If you are an avid consumer of web-journalism, you may have noticed that short and long-form journalism are something of an endangered media species these days, falling prey to the increasingly trendy Top Ten. Or Eight. Or 57.
10 Ways to Cheat on Your Husband and Stay Happily Married. 7 Reasons to Quit Your Job (Even If You’re Broke). 12 Ways to Communicate with Your Angsty Teen. 25 Ways to Mount Your Man. 8 Signs That You Should Seek Therapy. 15 Reasons You Will Die Alone. 57 Headlines That Rocked the World. 100 Websites That Will Change Your Life.
Whether you are seeking marital counseling, parenting advice, career guidance, spiritual awakening, flat abs, or a really good lay, there’s a pithy list for that.
I won’t bore you with an explanation in verbose, tedious prose. In the spirit of irony, let’s keep it laconic:
1. Facebook and Twitter Have Rewired Our Brains: If you can’t say it in 140 characters, why say it at all? Albert Einstein said, “If you can’t explain it simply, you don’t understand it well enough.” Now there’s a Twitter stream that would have been worth following.
2. Lists Don’t Need to Be Fact-Checked or Researched: We need information, and we need it now, dammit! Huffington Post must fill its quota of publishing 32 completely irrelevant “articles” per day and they can’t be bothered with tracking down people to interview, scholarly research, or, really, any new information. Better to compile what we already know into a sassy list.
3. I Have 38 seconds: With smart-phones all the rage, who needs an extended period of time for reading? Now you can get all the information you need to land your dream job/spouse/house/salary while you’re waiting in the self-check out line at Shoppers. Fashion crisis? Learn 17 ways to wear a festive scarf in under a minute!
4. Sustained Thought is so 20th Century: Limits of the information age: As our attention spans approach the mental capacity of goldfish, the art of written language approaches oblivion. Raise your hand if you’ve ever been intrigued by a headline, opened the page to see that the article was more than five pages, and lost interest about halfway through the second page. Listmania is predicated on near pandemic levels of attention deficiency.
5. Bold Headlines are Time Efficient: That pretty much sums it up, right? Lists are based primarily on speculation, regurgitation, and uninformed opinions, so there’s no need to elaborate. However, since the author is probably being paid by the word, he or she will take pains to explain the overly simplified.
6. Keep It Simple, Stupid: If Wilson can precipitate an armistice to a global war in 14 points, surely you can tone those jiggly thighs in 7 steps.
7. Best Ofs: The problem with the 21st century global economy is that there is just. so. much. stuff. On Sephora.com alone, there are 223 choices of lip gloss. I’m sure they’re all poppin’, but nevertheless, it would be great if the luxe lip experts of, say, Cosmopolitan could regularly issue a list of the Top 10 lip glosses for every possible occasion, budget, season, lip size/shape/volume, time of day, desired effect, and eye color. This will undoubtedly save countless women from the paradox of choice. What’s that, you say? They already do? Well. Good on them.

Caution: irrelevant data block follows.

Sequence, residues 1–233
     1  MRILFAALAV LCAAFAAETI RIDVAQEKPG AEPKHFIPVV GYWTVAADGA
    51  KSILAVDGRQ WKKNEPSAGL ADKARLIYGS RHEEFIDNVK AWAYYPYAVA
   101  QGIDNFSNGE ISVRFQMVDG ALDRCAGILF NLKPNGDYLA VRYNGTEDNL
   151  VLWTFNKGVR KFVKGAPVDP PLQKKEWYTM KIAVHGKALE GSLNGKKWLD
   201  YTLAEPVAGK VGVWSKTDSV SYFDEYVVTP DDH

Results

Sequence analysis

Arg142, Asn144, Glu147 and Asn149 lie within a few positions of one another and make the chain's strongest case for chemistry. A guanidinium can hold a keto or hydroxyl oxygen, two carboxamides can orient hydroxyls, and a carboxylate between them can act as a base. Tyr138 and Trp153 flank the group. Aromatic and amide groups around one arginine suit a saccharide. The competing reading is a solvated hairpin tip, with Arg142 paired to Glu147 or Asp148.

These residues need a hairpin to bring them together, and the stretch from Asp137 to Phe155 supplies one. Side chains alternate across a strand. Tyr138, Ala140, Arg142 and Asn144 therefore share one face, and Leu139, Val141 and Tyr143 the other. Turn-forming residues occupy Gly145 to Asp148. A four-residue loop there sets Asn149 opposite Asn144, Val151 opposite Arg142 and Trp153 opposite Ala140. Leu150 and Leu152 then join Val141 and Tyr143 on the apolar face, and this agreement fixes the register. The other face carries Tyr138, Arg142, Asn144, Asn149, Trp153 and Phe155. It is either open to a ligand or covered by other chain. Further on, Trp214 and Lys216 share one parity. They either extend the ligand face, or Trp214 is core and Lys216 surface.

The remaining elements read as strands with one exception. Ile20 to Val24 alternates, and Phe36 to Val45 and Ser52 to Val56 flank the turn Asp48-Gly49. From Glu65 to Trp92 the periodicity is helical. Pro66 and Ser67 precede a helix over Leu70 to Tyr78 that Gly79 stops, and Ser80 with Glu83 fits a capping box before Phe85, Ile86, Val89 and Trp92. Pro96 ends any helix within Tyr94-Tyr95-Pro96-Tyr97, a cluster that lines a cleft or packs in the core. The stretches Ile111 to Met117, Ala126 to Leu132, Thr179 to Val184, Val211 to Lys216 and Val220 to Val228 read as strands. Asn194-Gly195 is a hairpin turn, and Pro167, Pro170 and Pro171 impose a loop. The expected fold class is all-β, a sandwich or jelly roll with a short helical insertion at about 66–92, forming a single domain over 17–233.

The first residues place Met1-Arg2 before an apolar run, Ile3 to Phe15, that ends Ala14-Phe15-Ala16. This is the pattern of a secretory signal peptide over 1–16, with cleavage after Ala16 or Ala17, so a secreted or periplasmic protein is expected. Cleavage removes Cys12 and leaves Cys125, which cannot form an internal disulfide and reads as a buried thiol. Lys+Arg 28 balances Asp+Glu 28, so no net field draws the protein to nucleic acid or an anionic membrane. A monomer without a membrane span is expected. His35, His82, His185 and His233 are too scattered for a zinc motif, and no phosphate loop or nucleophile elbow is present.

8. We <3 Abbrevs: First, there was the abbreviation. Surely, there was no harm done in substituting Dr. for doctor. Lil’ did we know that abbrevs were just the 1st stop on the slippery slope to the oblivion of the art of written language as we know it. Next, we entered the age of the acronym: an era characterized by the glorification of trite acronymic phrases, such as OMG LOL I’ll TTYL, LYLAS, further bastardizing the English language. Pretty soon, we should probably stop using words at all. Blink once for no, twice for yes.
9. Comfort in Quantifying a World that is Qualitatively Screwed: There’s safety in numbers, and I’m not just talking about tween dates at the movies. You probably do not recall any lists in the vein of “13 Ways to Eradicate Poverty” or “7 Easy Steps to Solving the Debt Crisis!” Between the unemployment rate, the energy crisis, and the sorry excuses for politicians that the GOP is parading around the country, we might as well itemize our love-loss, celebrity antics, and weight loss agendas. There’s no solace in the complex, ill-structured problems of the world. By their very nature, they lack a clear starting point or logical proceeding to the desired outcome. But hey, guys, guess how many celebrity marriages failed faster than you can say Kim Kardashian? LOL.
10. Fear of Creating Meaningful Content: Regurgitating, reformatting, and reflecting on existing knowledge is easy. For the majority of us, that’s what we were asked to do for the first twelve years or so of our academic careers. Summarize this. Synthesize those. Rarely, if ever, were we charged to create new knowledge in school. In fact, some of the most prolific innovators of our time (Gates, Zuckerberg, Jobs) opted out of institutionalized higher education altogether. The internet offers an unprecedented opportunity in human history to both locally and globally collaborate to impact our world for the better through innovation. Making endless lists of what we already know does not serve the world. Unless, of course, you are designing the 12 step process for eliminating world hunger - in which case, carry on.
Note: As a great lover of lists, this rebuke of lists is vaguely hypocritical and is written as much as an admonishment to myself as to other list-maniacs. In addition, I do think there’s a time and place for lists - like Cosmopolitan’s beauty guide. Let’s just remember to think, create, innovate, and design for the future between our 6 steps to a better night’s sleep and 30 days to a firm ass.